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Sad Dad during divorce

Separation, stigma and support: dads dealing with divorce

November 2, 2023

At Parenting Expert, we are aware that when it comes to supporting dads through divorce, there is far less support available to them than there appears to be for women. We spoke to Chris Trott from Helpu about divorce and how it affects men.

As a counsellor and divorced dad-of-three, 45-year-old Chris Trott has a valuable perspective on men’s mental health. He is an ambassador for Helpu, a recently launched mental health charity for men in Wales: www.helpu.org.uk

While November is men’s mental health awareness month. Chris firmly believes that it’s crucial for men to explore their emotions and support their mental wellbeing every month, not just during Movember.

Chris became a single father to three young children seven years ago (then aged eight, six, and two). He is using his experiences to share some key advice for men, especially dads, dealing with divorce. Here’s what he had to say:

Seek support from your employer and trust in time as your friend

“At first, I tried to go straight back to work, but it just wasn’t possible. I am a children’s councillor in a school, so I was in an incredibly fortunate position where my employer already had an employee mental health support system in place. I was able to take three months off work to re-build my mental health.

Not everyone has this privilege, and it can also be difficult to seek support when society expects you to throw yourself back into work. But I encourage, actually plead, for every man to utilise the support on offer and take leave so that you can face your emotions head-on and focus on getting better.

It saddens me to know that many men, especially tradesmen and those in manual industries, don’t have that support. A high number of male suicides are committed by men in manual roles, where they’re expected to feed into the macho masculine stereotype and don’t speak about mental health. Please, men, seek support, talk about your emotions, and break the stigma so you can get better.”

Be sure to fill your mental battery so you can give your children 100%

“I’ve always viewed myself as a great father, but in the weeks following my divorce, I was plagued with guilt because I wasn’t seeing my children as much as I once did. To give them a sense of family unity, I tried to fill our time with countless different fun activities, but I was in such a negative mental state that I wasn’t really present for any of them.

It wasn’t until I sought support and began to care for my mental wellbeing that I regained my perspective as a father and discovered my single parenting personality. My son even turned around to me and said, ‘you’re an even better dad than you were before.’ That just goes to show that you have to show up for yourself to be able to show up for your children.”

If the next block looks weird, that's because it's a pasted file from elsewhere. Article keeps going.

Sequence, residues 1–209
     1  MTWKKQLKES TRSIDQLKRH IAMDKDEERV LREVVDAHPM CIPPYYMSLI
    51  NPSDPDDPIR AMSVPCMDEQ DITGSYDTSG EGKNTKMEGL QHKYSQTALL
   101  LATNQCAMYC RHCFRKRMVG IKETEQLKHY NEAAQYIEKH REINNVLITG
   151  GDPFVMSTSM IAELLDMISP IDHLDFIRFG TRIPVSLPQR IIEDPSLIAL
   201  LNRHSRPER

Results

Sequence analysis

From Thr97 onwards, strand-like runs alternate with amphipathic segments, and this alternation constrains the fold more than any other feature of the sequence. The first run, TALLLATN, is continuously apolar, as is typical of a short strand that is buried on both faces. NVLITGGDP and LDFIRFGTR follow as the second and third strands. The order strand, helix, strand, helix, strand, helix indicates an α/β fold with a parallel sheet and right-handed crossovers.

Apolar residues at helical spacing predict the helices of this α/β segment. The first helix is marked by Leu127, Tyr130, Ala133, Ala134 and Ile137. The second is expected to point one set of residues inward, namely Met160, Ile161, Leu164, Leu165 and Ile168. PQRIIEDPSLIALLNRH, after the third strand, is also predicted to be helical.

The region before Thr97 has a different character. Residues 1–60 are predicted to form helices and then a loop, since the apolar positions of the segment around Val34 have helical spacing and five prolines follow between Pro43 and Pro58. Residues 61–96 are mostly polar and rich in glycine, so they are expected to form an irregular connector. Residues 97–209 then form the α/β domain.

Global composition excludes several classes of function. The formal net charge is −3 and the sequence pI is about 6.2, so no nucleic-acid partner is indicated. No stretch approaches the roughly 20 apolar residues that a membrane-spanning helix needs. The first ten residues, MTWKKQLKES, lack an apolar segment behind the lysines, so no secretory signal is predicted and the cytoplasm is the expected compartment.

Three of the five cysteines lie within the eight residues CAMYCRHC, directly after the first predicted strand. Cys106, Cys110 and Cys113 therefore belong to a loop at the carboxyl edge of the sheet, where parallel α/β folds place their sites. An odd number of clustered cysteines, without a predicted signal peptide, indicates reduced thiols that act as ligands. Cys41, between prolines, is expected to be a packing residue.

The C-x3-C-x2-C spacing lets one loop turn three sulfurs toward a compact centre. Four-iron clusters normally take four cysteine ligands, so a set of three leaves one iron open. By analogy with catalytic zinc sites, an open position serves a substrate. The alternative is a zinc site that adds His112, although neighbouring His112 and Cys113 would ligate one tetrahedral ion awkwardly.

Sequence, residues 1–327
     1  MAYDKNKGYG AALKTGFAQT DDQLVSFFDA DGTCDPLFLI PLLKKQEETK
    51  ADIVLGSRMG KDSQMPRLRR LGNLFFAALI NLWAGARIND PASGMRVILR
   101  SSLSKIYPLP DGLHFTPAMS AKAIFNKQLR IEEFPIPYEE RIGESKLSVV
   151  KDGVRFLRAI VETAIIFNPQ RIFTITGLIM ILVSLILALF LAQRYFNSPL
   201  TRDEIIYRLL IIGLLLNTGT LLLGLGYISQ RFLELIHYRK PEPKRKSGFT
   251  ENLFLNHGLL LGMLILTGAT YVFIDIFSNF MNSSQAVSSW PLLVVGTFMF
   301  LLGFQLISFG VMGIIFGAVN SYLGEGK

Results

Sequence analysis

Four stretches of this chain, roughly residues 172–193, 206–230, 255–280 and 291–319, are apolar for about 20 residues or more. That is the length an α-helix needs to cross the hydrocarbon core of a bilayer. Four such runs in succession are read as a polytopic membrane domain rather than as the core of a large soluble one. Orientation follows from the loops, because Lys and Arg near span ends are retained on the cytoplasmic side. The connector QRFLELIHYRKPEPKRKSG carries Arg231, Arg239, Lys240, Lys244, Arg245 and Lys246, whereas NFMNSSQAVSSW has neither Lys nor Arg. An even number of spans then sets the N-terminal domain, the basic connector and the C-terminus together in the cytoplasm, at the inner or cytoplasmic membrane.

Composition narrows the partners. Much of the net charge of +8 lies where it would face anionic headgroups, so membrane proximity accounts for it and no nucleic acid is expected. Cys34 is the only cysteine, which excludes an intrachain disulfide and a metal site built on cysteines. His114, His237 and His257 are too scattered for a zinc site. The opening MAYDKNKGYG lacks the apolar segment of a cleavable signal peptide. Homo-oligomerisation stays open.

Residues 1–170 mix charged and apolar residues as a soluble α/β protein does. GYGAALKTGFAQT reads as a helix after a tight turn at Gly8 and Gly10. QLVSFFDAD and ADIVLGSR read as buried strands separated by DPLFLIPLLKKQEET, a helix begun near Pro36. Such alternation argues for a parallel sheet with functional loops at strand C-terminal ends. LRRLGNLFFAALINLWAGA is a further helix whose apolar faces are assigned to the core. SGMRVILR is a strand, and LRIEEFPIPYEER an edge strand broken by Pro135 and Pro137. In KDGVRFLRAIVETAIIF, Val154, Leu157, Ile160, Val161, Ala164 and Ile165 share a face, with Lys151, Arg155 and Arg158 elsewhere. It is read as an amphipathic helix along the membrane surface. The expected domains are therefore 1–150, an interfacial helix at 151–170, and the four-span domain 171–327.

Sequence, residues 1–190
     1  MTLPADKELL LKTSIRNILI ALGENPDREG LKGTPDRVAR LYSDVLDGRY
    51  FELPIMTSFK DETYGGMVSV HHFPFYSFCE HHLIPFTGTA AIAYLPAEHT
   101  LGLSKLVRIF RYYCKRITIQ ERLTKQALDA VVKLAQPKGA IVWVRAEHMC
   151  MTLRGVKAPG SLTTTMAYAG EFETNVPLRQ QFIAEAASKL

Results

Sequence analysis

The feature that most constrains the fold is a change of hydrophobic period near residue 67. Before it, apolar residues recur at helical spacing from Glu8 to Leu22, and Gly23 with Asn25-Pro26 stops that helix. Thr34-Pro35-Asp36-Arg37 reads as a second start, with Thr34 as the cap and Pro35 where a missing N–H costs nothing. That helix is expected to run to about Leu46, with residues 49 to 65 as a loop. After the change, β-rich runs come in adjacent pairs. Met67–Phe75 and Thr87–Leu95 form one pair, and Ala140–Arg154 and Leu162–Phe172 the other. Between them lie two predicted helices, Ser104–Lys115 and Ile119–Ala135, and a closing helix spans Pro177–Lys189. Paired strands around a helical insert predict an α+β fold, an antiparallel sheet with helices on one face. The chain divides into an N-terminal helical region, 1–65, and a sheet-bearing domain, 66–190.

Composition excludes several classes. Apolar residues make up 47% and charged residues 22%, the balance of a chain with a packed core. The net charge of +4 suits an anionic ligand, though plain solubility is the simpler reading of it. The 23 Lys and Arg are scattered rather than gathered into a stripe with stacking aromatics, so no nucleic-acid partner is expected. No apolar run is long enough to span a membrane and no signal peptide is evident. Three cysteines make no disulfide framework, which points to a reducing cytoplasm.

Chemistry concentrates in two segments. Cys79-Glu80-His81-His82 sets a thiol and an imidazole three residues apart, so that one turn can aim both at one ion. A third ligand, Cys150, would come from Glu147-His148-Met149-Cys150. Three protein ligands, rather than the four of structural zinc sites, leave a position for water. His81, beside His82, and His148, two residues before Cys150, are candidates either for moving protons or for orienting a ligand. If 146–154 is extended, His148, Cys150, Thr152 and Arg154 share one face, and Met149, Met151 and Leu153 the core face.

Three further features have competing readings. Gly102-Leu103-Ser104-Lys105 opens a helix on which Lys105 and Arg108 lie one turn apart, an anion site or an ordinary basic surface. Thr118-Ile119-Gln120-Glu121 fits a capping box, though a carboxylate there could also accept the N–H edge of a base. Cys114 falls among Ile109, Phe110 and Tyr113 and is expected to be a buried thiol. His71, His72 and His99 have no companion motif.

Vulnerability, honesty and transparency are always the best policies

“No father wants to have the conversation of divorce with his children, but I found firsthand that talking openly, honestly, and vulnerably with your children can actually turn it into a bonding experience.

It’s an opportunity to educate them on what divorce is, what it looks like from family to family, and how your new dynamic will look. Use this time to show them that you’re also hurting and express to them how much they’re loved. By being vulnerable and willing to talk, your children are more likely to react reasonably and even make a conscious effort to support you. My daughter was very compassionate with me when she saw I was hurting, and it has made us closer than ever.”

Adopt your own parenting method

“I really struggled with feeling like I should adopt my ex-wife’s parenting method when we first separated, which just didn’t align with my relationship with my children or my own parenting persona. Then, counselling introduced me to the idea of parallel parenting, which I’d never heard of before.

Parallel parenting is when both parties with joint custody adopt individual parenting methods. These rules don’t cross between homes, and the children abide by one set of rules for each parent. This was important for me, as it encouraged me to have limited, formal contact with my ex-partner and set core boundaries that were vital to my mental state at the time.”

Please, please, join a local men’s mental wellbeing club

“A few years after my divorce, I reached out to the men’s mental health charity, Brawd (Welsh for brother), based in Cardiff. Sitting in a room with men who are experiencing similar emotions to what you’re feeling, regardless of their situation, is liberating.

It really helped me to hear their stories and, eventually, voice my own, although I didn’t have to. I still attend their weekly sessions, despite being in a much healthier mind space, because I know how important my story and presence are to someone else.

I’ve turned my experience into an opportunity to help other men feel supported. Our mission at Helpu (Welsh for help) and Brawd, is to show other men that they’re not alone and that, most importantly, you can overcome mental health barriers, just like we did. In Wales, men are four times more likely than women to die of suicide, and this needs to end.”

Men sat in a circle at a therapy session

If you need help and support through a divorce, contact Helpu.

Read more articles from Parenting Expert aimed at supporting Dad’s mental health here.



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